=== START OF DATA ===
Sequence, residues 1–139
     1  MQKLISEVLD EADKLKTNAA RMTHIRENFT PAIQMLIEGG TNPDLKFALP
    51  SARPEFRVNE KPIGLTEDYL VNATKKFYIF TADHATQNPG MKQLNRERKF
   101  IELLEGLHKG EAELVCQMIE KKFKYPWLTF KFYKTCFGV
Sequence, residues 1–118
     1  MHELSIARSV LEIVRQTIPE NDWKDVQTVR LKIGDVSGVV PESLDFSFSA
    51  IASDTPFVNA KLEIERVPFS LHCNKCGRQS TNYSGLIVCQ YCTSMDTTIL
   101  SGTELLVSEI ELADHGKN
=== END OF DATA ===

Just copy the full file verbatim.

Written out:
Sequence, residues 1–139
     1  MQKLISEVLD EADKLKTNAA RMTHIRENFT PAIQMLIEGG TNPDLKFALP
    51  SARPEFRVNE KPIGLTEDYL VNATKKFYIF TADHATQNPG MKQLNRERKF
   101  IELLEGLHKG EAELVCQMIE KKFKYPWLTF KFYKTCFGV
Sequence, residues 1–118
     1  MHELSIARSV LEIVRQTIPE NDWKDVQTVR LKIGDVSGVV PESLDFSFSA
    51  IASDTPFVNA KLEIERVPFS LHCNKCGRQS TNYSGLIVCQ YCTSMDTTIL
   101  SGTELLVSEI ELADHGKN